Progress report April/May 2017
By: Rémi Verschelde Jun 14, 2017
It’s been a while since the last progress report, and there have been lots of changes in the development branch that you might not have heard of yet. Usually we let our lead developer Juan (reduz) do progress reports on his impressive work on rendering features, but since he was in holidays for more than a month, we’ll showcase the work of some key contributors this time.
This report covers important changes made by all contributors from April to today, excluding Juan’s recent work which will be covered in his next progress report (but check his Twitter account for some more 3.0 teasers). There were over 300 commits by more than 30 different contributors, so this was a busy time even while our lead dev was away.
Before going over some hand-picked changes, we’d like to welcome new contributors who got involved in the engine development during the last few months: magyar123, mcanders, Noshyaar, RameshRavone, toger5 and touilleMan. Thanks for your contributions, and we hope to see you stick around and become core developers!
Since the last blog post, a lot of development happened on GDNative (one of the most visible change being its renaming from DLScript to GDNative to avoid confusion about its nature).
The GDNative core API is getting more and more complete, thanks to Emmanuel (touilleMan) and Ben (sheepandshepherd).
Many different things like printing to the editor console and other small things were added to the API.
But most of the work happened on the bindings for GDNative. The C++ bindings were rewritten completely to be easier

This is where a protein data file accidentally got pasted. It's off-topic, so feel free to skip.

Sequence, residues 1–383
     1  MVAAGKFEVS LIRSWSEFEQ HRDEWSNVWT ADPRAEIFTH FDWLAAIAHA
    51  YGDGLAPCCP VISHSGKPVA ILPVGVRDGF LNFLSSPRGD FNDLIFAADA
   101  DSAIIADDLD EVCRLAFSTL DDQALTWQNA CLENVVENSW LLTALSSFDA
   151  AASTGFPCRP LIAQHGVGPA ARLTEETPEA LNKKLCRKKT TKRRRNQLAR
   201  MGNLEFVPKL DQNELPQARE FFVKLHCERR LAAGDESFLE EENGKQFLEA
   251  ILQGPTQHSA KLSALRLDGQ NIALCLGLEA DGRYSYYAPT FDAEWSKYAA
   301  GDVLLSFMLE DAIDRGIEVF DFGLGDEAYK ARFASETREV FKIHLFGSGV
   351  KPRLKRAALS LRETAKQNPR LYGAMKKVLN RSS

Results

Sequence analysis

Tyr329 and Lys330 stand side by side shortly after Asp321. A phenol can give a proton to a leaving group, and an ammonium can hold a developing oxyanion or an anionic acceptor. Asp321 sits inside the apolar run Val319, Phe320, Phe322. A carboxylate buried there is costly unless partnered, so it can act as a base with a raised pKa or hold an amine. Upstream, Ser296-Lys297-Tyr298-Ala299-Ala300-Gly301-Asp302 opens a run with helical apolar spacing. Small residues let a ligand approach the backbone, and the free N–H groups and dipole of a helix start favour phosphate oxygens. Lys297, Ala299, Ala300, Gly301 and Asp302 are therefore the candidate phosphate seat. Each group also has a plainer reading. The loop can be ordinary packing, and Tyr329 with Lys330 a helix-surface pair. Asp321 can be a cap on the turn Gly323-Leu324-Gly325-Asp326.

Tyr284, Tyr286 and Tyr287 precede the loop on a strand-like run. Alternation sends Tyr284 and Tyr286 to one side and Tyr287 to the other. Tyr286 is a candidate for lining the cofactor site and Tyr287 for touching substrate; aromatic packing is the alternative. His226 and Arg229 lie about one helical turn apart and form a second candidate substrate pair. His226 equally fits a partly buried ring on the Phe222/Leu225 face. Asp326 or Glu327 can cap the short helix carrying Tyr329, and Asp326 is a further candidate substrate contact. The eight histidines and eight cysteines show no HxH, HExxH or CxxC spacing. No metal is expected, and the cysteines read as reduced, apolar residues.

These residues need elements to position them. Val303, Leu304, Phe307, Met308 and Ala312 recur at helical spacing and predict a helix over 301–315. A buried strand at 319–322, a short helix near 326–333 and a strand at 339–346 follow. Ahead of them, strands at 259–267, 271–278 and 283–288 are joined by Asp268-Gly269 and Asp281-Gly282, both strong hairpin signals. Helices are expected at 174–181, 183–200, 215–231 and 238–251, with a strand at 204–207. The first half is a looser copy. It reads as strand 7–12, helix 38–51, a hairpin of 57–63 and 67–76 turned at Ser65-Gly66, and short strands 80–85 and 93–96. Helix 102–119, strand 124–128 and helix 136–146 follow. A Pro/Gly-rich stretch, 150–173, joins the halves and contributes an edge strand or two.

to generate and also better reflect the way Godot handles scripts.
Also worthy to mention are the D bindings by Ben which are under active development and the Rust bindings by Max (vurpo) which are currently halted, but soon to be extended further.
Thomas (karroffel) will be working on a few examples (will be uploaded to the GDNative-demos repository and creating documentation for the users of GDNative but also for bindings authors to make it easier to bring new languages to Godot!
New customizable editor theme
Daniel (djrm) started an impressive work on a new theme for Godot 3.0, which was merged in an early state a couple months ago. It spawned a lot of interest from the broader community and some very lengthy discussions on GitHub; based on this early feedback, 박한얼 (volzhs) reworked the initial proposal by simplifying some of the changes, and restoring the old theme for game prototyping. He took the opportunity to make the colors and the contrast of the interface customizable, which allows everyone to tune them to their preference. Nuno (nunod) added support for color presets so that we can propose a few good-looking defaults out of the box.
There is still some work to do to make the theme even better before the 3.0 stable release, but it’s already looking pretty slick.
WebGL 2.0 and WebAssembly support
He also reworked the input of the HTML5 platform to bring it up to par with the desktop and mobile platforms. There are still some improvements to be done but the performance is overall pretty good already, and we are pretty hyped about what Godot 3.0 will offer in terms of Web exports.
It’s already a few months old, but here’s an early port of the platformer demo under WebAssembly (requires a recent version of Firefox or Chrome). It can even run on your phone, though it currently lacks the detection that it would need touchscreen controls 🙂
For the last 2 months, Ignacio (neikeq) has focused on completing and stabilizing the internals.
Several bug fixes and improvements were made to the scripting API implementation, but the most notable additions are in regards to assembly reloading and threading.
Assemblies reloading is crucial for several use cases like hot reloading or refreshing the inspector properties when a change is made to the code. Now this is finally working, and all that is left is the serialization of properties.
In regards to threading, now the native threads created by the Godot API can be attached to have access to the Mono API and call into C#.
The next task on the list is finishing serialization, and then the focus will switch to usability and IDE integration.
Screenshot of upcoming support for async/await next weeks: